Spring

kalemixLet’s talk about spring greens, specifically baby kale. I am very excited that baby kale is finally making it into mainstream supermarkets. I’ve seen more of it just in the last couple months, since I first mentioned it in a blog post back in February. Mostly I am excited because baby kale is a much more versatile veggie than mature kale. It is also tastier, more tender, and a whole lot more palatable. Roy and Farmer both eat the stuff without blinking.

I’ve never been a big fan of the tough leaves of huge, curly-type kales, and in fact, when I wrote Fast, Fresh & Green four years ago, I insisted that everyone par-boil kale before using it in most other dishes, or confine it to soups and braises. I still think it’s a good idea to soften kale first before adding it to pastas or gratins, but now I don’t necessarily freak out when I see chefs and cooks “sautéing” raw kale. With a young or tender variety, a simple sauté is just fine. (But try “sautéing” the older, tougher leaves and you will still have something pretty chewy on your plate.) I’m even embracing kale salads!

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mizunasaladGrowing up "salad" meant a plate with iceberg lettuce, cucumber, carrot, and tomato slices, and bottled Catalina dressing.

Like TV's, salads have come a long way since then.

I remember in the 80's everyone started eating Caesar salad, and romaine bumped iceberg as the lettuce of choice. Then sometime in the '90s peppery salad leaves like arugula and radicchio were clandestinely added to salad plates. Back then people would disparagingly call them "the lettuce that bites you back." Ah, how things have changed.

Then came mesclun, and salad was never the same. Mesculn is a mix of tender, young salad leaves. Its name comes from the French mescla meaning "to mix." Mesclun varies depending on the source but may include arugula, mustard greens, oak leaf, radicchio, red beet greens, and sorrel.

The first time Jeff and I ate fresh mesclun from the farmers' market here in California we were taken aback:

"Wow! This salad has lots of flavor. You can really taste the greens," Jeff said.

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radishesThis really isn't a recipe—it doesn't even involve cooking or assembly. It's just a few simple ingredients brought together in a perfect way: radishes, butter, and salt. Most people don't give radishes a second thought mainly because they don't eat them. As I've shown in recipes before and will show this week, radishes can be made into many different dishes with ones that are even cooked. But the absolute best way to eat them is with just a little salt and butter.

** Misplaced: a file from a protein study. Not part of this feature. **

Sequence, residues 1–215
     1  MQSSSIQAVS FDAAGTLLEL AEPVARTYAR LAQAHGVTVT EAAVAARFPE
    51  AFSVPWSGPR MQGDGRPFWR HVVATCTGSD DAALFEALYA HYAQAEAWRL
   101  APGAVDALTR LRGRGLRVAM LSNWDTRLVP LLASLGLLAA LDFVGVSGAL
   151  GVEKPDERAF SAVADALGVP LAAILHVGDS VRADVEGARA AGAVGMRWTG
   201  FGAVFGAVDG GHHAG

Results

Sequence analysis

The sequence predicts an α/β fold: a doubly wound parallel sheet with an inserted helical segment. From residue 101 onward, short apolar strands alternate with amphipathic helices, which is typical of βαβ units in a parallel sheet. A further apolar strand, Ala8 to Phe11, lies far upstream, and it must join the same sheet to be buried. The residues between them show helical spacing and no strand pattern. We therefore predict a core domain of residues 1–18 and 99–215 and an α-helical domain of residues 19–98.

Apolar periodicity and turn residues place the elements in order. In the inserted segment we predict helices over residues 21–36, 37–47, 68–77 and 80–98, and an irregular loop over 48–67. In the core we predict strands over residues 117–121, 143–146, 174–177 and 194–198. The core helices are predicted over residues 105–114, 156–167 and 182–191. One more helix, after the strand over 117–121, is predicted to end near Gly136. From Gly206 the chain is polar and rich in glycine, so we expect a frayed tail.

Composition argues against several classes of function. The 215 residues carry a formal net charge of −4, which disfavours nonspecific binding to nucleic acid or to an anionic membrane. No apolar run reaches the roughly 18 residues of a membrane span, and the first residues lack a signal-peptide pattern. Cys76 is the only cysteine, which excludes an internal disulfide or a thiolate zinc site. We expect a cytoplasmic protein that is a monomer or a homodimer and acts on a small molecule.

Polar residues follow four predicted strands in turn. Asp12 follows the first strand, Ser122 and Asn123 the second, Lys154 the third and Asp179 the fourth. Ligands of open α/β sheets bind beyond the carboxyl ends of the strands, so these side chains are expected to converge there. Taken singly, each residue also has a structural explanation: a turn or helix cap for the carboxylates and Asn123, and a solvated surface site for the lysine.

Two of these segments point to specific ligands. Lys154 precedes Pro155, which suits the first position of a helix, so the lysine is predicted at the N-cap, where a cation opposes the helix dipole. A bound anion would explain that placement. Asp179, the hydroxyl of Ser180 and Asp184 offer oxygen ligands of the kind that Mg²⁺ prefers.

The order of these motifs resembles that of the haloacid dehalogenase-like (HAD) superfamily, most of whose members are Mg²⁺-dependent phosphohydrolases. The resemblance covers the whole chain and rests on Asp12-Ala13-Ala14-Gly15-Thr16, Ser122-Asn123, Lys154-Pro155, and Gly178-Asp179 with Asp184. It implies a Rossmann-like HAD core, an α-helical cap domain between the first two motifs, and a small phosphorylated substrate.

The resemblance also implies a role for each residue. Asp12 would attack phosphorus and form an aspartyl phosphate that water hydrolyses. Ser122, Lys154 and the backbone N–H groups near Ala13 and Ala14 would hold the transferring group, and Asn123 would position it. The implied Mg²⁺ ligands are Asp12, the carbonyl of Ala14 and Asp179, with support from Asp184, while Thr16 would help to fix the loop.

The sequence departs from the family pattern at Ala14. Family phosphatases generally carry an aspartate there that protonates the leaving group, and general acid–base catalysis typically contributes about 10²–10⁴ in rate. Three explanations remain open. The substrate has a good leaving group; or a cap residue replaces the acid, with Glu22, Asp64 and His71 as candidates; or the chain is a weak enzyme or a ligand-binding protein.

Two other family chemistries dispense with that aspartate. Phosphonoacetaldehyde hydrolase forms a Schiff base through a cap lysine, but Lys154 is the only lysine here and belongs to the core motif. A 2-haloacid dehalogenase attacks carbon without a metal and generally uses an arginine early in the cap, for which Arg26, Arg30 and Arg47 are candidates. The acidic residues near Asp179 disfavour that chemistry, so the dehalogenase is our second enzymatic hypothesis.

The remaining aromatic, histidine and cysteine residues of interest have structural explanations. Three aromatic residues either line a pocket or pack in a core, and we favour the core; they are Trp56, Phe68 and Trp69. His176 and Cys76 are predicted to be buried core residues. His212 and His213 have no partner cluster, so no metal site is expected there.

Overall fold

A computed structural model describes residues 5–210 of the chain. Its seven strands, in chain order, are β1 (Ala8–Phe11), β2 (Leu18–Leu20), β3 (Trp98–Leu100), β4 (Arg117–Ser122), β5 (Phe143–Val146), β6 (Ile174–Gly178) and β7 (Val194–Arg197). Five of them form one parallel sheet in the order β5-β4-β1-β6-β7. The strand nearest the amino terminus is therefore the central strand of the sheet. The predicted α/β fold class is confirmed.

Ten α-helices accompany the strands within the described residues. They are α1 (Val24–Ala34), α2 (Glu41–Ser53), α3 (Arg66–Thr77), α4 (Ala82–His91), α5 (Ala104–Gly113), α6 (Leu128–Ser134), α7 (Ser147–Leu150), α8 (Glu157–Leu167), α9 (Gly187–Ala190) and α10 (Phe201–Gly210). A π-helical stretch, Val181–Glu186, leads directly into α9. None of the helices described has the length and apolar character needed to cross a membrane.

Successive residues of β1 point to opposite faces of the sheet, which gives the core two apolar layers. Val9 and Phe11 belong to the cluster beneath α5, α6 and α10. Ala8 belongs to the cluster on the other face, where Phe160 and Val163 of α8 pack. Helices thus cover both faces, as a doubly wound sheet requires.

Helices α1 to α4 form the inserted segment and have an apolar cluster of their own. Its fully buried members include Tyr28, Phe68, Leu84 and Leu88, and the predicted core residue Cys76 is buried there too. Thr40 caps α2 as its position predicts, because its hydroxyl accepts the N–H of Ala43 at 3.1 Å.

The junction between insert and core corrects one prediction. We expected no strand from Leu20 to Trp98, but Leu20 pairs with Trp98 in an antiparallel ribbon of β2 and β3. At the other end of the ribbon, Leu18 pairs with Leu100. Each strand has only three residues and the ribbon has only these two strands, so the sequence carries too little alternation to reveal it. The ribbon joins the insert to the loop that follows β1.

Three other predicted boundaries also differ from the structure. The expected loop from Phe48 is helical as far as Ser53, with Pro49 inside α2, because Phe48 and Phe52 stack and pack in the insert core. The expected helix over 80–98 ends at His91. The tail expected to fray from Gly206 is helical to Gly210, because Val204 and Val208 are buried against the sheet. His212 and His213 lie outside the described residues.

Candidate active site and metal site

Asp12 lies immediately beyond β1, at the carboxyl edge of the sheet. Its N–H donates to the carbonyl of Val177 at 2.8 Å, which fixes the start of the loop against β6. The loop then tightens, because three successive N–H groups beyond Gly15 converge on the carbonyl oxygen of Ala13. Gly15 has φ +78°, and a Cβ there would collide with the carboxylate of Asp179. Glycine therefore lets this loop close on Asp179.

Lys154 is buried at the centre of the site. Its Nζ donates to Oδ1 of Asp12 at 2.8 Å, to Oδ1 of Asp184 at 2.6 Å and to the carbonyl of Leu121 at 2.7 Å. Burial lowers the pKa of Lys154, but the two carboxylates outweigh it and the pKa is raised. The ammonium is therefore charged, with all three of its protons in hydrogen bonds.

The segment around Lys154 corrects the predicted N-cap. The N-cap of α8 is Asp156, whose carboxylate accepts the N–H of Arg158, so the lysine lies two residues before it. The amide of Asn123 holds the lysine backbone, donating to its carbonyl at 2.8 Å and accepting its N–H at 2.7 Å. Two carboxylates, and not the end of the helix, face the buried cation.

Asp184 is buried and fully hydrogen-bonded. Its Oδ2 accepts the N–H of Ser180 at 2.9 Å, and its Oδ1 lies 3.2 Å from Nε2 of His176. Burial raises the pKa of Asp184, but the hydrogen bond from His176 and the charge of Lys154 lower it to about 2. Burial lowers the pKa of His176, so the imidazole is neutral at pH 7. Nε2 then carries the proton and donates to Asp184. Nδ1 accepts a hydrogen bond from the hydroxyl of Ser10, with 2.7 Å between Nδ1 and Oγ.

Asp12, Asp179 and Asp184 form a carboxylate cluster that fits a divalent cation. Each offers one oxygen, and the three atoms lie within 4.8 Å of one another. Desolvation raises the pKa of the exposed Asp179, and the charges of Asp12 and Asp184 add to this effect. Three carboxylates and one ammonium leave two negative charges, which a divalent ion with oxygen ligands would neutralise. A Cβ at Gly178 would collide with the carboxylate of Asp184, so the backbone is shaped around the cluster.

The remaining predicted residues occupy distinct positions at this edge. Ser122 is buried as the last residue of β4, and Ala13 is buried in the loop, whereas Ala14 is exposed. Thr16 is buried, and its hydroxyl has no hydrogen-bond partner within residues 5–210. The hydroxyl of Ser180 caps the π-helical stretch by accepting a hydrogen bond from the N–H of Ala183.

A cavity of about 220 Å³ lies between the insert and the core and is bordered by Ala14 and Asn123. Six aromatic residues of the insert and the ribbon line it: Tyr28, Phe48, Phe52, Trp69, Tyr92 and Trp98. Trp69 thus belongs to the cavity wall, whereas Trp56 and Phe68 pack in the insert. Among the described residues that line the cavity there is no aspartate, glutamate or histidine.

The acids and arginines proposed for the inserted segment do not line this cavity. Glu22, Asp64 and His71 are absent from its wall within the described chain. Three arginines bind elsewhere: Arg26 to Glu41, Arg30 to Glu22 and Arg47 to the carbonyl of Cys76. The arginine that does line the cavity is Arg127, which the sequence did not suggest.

Radishes are a very humble vegetable, so you would never expect to eat them anywhere but home, let alone find them served at a high-end restaurant. But a few years ago at ABC Kitchen I was served radishes with salt, bread, and butter.

I couldn't believe my eyes because it was such a simple presentation but a very effective one that truly represented the restaurant's "green" objective very clearly—it was all about the fresh produce. Besides all the wondeful dishes I enjoyed that evening, the radishes really stood out in my mind and memory—it's why I'm writing about them now.

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affrettoA couple of weekends ago at the Little Italy Mercato, as I was peacefully sorting through ears of sweet corn, I heard a woman scream, "Oh, my God! I can't believe it!"

Curious, I followed the voice, and noticed a woman a few tables ahead with her arms waving wildly in the air. She was talking rapidly and loudly and began jumping as if she were standing on hot coals.

"Oh, my God! I haven't seen that since I lived in Italy," she exclaimed.

What? What hadn't she seen since she lived in Italy? Gargantuan globe artichokes? We have those in San Diego. Mint green Vespas? Got 'em. A hot Italian guy? We have many of them, especially at Sogno di Vino and Bencotto in Little Italy. You're welcome, ladies.

Turns out what thrilled her was finding agretti, a springtime Mediterranean succulent, or water-retaining plant. With its verdant color and feathery texture, agretti looks like a cross between fennel fronds, rosemary, and grass.

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foxglovesElegant…purely elegant is the word that comes to mind when I think of foxgloves and delphiniums. Very similar in appearance and growth habit, these two garden goodies are excellent additions the spring tableau and fantastic in arrangements.

Digitalis purpurea is the Latin name for foxgloves. The genus Digitalis gathers its name from the ease of which one’s fingers, or digits, can be capped by the floral bells cascading down their stalks. In literary lore, a fox could slip its paws into the bells and use them as gloves - thus the common name. I bet Beatrix Potter had something to do with that. Pinks, creams, lavenders, lilacs, yellows, peaches, and speckled mixes of them all abound in the foxglove color range.

As for other uses besides gorgeous garden elements, the Digitalis genus is used in cardiology to create several types of heart medicine and even some neurological medicines. Quite amazing considering the whole plant, roots, leaves, seeds, and stems are toxic! The pharmaceutical positives are extracted from the leaves…somewhat akin to using snake venom for medicine or a flu vaccination. Don’t worry about the toxicity…just don’t eat them!

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